Duke acts exactly as you describe Sepp when we are home. He's starting to improve, but it is little bitty steps. That said, he is perfectly reliable to go out in public. He sits peacefully at the vet, and I use a vet where there is high traffic all the time. I have no doubt I could take him into a pet store with no problem, just haven't had the opportunity to try. He just has some uber territorial thing going on at home. Is there somewhere else you could take him, where the space isn't so confined, where he might see another dog, but not be in his home territory just to see how he reacts?
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Postby maberi » January 4th, 2010, 10:14 am

Great advice all around!!

Another thing I like to do when I get to the vet is keep my guys in the car, go inside, and put our name down and scout out the place a bit. If there are too many dogs in the waiting room I notify the receptionist of this and ask that when it is his time to come in (this was Yoda), that they ask people to move to one side of the room so that there is no possibility for something to happen.

I also think Erin's suggestion of digging out your Control Unleashed book and working on the Look At That game is an awesome idea. That concept goes against what most trainers would tell you to do, but it is honestly a god send for reactive dogs. I've just starting working on it with Kayden and have seen huge improvements. Just remember to take things slow and keep him under threshold as you work on the exercise.
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Postby amazincc » January 4th, 2010, 4:14 pm

maberi wrote:Great advice all around!!

Another thing I like to do when I get to the vet is keep my guys in the car, go inside, and put our name down and scout out the place a bit. If there are too many dogs in the waiting room I notify the receptionist of this and ask that when it is his time to come in (this was Yoda), that they ask people to move to one side of the room so that there is no possibility for something to happen.

I also think Erin's suggestion of digging out your Control Unleashed book and working on the Look At That game is an awesome idea. That concept goes against what most trainers would tell you to do, but it is honestly a god send for reactive dogs. I've just starting working on it with Kayden and have seen huge improvements. Just remember to take things slow and keep him under threshold as you work on the exercise.


Yeah... no car, Matt... lol

We walked past the building today, on the other side of the street, several times. I'm thinking of doing that for about a week and then switching to the other side to see how he'll react to being closer. He'll be able to see and smell a ton of dogs.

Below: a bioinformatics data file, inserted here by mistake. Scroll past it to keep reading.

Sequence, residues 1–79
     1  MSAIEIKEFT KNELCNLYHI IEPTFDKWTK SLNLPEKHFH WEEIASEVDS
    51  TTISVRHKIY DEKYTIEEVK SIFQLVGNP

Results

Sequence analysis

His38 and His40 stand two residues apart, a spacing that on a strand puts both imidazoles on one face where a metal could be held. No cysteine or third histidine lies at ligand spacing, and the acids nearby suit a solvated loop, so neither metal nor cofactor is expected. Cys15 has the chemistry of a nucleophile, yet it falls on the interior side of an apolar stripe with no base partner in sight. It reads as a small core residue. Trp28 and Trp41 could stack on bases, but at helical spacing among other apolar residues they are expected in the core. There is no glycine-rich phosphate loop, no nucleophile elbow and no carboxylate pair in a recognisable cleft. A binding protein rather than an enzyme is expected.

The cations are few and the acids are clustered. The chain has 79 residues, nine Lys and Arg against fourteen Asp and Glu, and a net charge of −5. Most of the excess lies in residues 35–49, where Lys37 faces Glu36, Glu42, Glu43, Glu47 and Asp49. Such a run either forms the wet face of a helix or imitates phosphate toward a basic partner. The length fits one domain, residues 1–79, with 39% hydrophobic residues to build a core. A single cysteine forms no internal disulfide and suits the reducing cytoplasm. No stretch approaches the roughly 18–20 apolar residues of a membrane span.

It's probably just my nerves more than anything, and that evaluation really didn't help... making my dog sound like an unpredictable time-bomb because he was skittish around a wheel chair... :rolleyes2:
We also do "look at that" from our porch steps right now - Sepp managed to sit and contain himself today, while a strange male dog peed on our fence. :shock:
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Postby mnp13 » January 4th, 2010, 4:22 pm

I don't have time to read this whole thing right now, but in New York it's illegal to have any building that has only one entry/exit door if you do any sort of business that serves the public.

In other words - there IS a back door. :wink:
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Postby TheRedQueen » January 4th, 2010, 4:23 pm

mnp13 wrote:I don't have time to read this whole thing right now, but in New York it's illegal to have any building that has only one entry/exit door if you do any sort of business that serves the public.

In other words - there IS a back door. :wink:


Having been out the back door of many vet clinics, it might be worse, since they often have the cages back there by the back doors...so he might see MORE dogs that way. :|
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Postby amazincc » January 4th, 2010, 4:33 pm

TheRedQueen wrote:
Having been out the back door of many vet clinics, it might be worse, since they often have the cages back there by the back doors...so he might see MORE dogs that way. :|


Yup... that's where the boarded dogs stay, and play... lol

I am mad at myself for being so "suspicious" of Sepp now, after that stupid eval. :nono:
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Postby maberi » January 4th, 2010, 4:47 pm

amazincc wrote:I am mad at myself for being so "suspicious" of Sepp now, after that stupid eval. :nono: